Last time we sent a couple of flights up and had before and after shots of all the leading edges, engines etc.. to determine if any damage was being caused.

Could be the same this time?
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Old 24th May 2011, 12:20
  #128 (permalink)  
 
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And in all this usual hype lets not forget that in more than fifty years of aviation not one life has been lost due to ash ingestion. That includes the good old days when there were no computers as such or sophisticated monitoring systems.

The same cannot be said for bird strikes. Funny how the same panic measures are not made in the migration seasons.
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Old 24th May 2011, 12:21
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I seem to remember BA offering some of their aircraft for sampling last year? Don't know if anything was ever done, or if aircraft were ever instrumented?
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Old 24th May 2011, 12:36
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It's all well and good to fly in the area and take the risk once. Multiple sectors in contaminated areas may prove more complicated due to accumulated damage.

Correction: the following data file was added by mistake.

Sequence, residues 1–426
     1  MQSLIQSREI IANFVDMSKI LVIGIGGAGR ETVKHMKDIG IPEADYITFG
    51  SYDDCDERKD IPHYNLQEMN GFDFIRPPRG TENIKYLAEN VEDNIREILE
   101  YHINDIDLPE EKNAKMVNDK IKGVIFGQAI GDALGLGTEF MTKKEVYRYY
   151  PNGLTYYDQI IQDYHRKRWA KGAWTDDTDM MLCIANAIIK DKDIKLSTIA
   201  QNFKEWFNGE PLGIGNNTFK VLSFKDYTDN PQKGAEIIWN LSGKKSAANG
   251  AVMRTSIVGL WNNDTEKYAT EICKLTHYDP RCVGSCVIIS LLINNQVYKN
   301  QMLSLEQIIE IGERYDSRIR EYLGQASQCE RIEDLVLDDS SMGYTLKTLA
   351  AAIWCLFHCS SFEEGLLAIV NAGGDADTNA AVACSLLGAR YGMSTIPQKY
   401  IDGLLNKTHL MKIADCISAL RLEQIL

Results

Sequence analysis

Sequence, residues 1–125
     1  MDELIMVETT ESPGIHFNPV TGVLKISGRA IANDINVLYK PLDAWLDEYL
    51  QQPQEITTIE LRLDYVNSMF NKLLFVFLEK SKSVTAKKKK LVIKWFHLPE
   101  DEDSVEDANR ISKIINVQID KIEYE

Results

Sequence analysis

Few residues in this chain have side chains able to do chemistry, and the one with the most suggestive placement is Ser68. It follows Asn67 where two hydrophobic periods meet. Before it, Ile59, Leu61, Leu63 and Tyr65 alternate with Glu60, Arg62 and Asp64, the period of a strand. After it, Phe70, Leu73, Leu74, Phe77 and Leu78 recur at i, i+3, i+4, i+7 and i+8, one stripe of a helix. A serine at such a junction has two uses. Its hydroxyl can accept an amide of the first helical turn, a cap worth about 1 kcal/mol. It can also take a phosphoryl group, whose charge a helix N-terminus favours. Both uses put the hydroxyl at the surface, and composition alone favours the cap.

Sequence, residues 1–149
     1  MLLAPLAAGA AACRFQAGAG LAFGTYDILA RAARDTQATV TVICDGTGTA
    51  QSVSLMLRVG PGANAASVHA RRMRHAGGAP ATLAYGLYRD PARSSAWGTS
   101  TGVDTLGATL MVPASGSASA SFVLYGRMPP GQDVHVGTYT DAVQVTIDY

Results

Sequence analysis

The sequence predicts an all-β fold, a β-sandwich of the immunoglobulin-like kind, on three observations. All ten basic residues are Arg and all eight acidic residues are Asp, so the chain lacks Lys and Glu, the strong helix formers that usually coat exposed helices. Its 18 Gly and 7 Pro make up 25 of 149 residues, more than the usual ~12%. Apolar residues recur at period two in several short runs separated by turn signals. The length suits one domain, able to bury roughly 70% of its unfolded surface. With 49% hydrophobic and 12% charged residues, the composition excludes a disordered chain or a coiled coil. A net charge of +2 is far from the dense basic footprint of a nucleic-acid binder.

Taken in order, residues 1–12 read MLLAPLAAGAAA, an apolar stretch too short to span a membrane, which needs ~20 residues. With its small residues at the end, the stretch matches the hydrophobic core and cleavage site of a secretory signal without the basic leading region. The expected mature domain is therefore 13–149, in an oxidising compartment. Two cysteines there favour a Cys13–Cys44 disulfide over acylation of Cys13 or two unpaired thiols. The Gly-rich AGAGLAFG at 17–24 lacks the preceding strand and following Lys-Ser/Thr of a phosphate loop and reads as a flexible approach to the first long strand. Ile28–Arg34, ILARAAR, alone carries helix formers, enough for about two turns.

The only way to assess the damage after the flights is to perform borescope inspections on each of the engines, which accounting for cool down time would take 4-7 hours per engine and is obviously not practical after every single flight in these conditions. The first inspections may reveal no damage but after that it's russian roulette, the test flights may prove good PR exercises but in reality the information gathered would be too little to make any kind of accurate assessment based on each type of operation.
Our safety environment is based on reliability (historical data) and preventative actions. We do not have enough data to categorically state that the ash will not bring down any aircraft or significantly damage one so we are left with prevention.
If even one aircraft of the 20000 that operate daily in Europe has an incident or God forbid an accident, the risk would be completely unacceptable and it would not be long before the public lost faith in the airlines. The backlash on the authorities I'm sure would also be something to behold.
Safe operation in ash has been demonstrated numerous times and confirmed by evidence of erosion on radomes and engine inlets. Unsafe operation of aircraft in volcanic ash has also been demonstrated numerous time >50 via symptoms of EGT and or stall as well as buildup of ash in the aircraft bleeds and sensors.